On Saturday, April 26, 2-4 p.m., I’ll be at Revolution Books, located at 1103 N. Ashland Ave., near the Polish Triangle in Chicago. I’ll be giving a talk called “Radicals on Relief” looking at the politics of The Negro in Illinois, as many of those who were on the WPA like Richard Wright, Margaret Walker, Richard Durham, and Jack Conroy were members of or close to the Communist Party while working on the project. As I will show, sometimes they engaged in self-censorship, and other times they injected political commentary into their writings. To join the Facebook page for the event go here. There will be a book signing afterwards. Thanks to Revolution Books for hosting this event.
Earlier in April, I was the keynote speaker (pictured above) at a banquet for this year’s symposium of the Illinois State Historical Society held at Eastern Illinois University in Charleston. I was quoted in the local newspaper about the legacy of Edward Coles, after whom Coles County, where Charleston is located, was named. Coles is known as the second governor who ensured that Illinois remain a free state.
Those following this blog might also be interested in this event on April 24 welcoming the papers of Gwendolyn Brooks at the Rare Book & Manuscript Library at UIUC with Chicago poet Haki Madhubuti, whose Third World Press began publishing Brooks’s poetry in the 1960s, and local poet Janice Harrington.
By Dave Fopay, Journal Gazette & Times Courier, March 28, 2014
CHARLESTON — The Illinois State Historical Society’s annual symposium is supposed to a combination of topics, who presents them and who might be interested in them, according to one of the organization’s officials.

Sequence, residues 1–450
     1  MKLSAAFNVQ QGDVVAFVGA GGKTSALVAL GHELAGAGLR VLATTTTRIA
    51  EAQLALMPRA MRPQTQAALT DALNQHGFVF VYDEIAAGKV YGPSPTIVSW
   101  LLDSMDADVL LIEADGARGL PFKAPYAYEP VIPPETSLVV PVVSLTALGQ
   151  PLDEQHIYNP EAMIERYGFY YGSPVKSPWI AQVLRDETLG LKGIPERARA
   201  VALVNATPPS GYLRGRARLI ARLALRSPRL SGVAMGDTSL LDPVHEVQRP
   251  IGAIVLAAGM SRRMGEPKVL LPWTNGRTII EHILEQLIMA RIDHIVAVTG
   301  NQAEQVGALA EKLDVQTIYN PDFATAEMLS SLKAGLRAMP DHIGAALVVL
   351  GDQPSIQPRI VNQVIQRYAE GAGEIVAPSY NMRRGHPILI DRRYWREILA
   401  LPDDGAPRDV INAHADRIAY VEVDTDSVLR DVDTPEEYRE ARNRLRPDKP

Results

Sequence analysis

That seemed to fit well with Brian Dolinar, who served as the keynote speaker during the banquet at this year’s symposium. He said he was also interested in what others had to say and to learn more about a local historical event at the same time.
“All these people have this great knowledge of Illinois History,” Dolinar said Friday. “It’s been a real lesson for me.”
This year’s symposium took place at Eastern Illinois University’s Booth Library. The historical society announced a year ago that the event would be in Charleston in conjunction with this weekend’s commemoration of the 150th anniversary of the Charleston Riot.
Several activities are planned for today and Sunday for the commemoration of the March 28, 1864, fight in Charleston between Union soldiers and a group of Copperheads, those who opposed the war.
During more than a dozen sessions Thursday and Friday, presenters covered topics directly related to the Civil War but also many related subjects.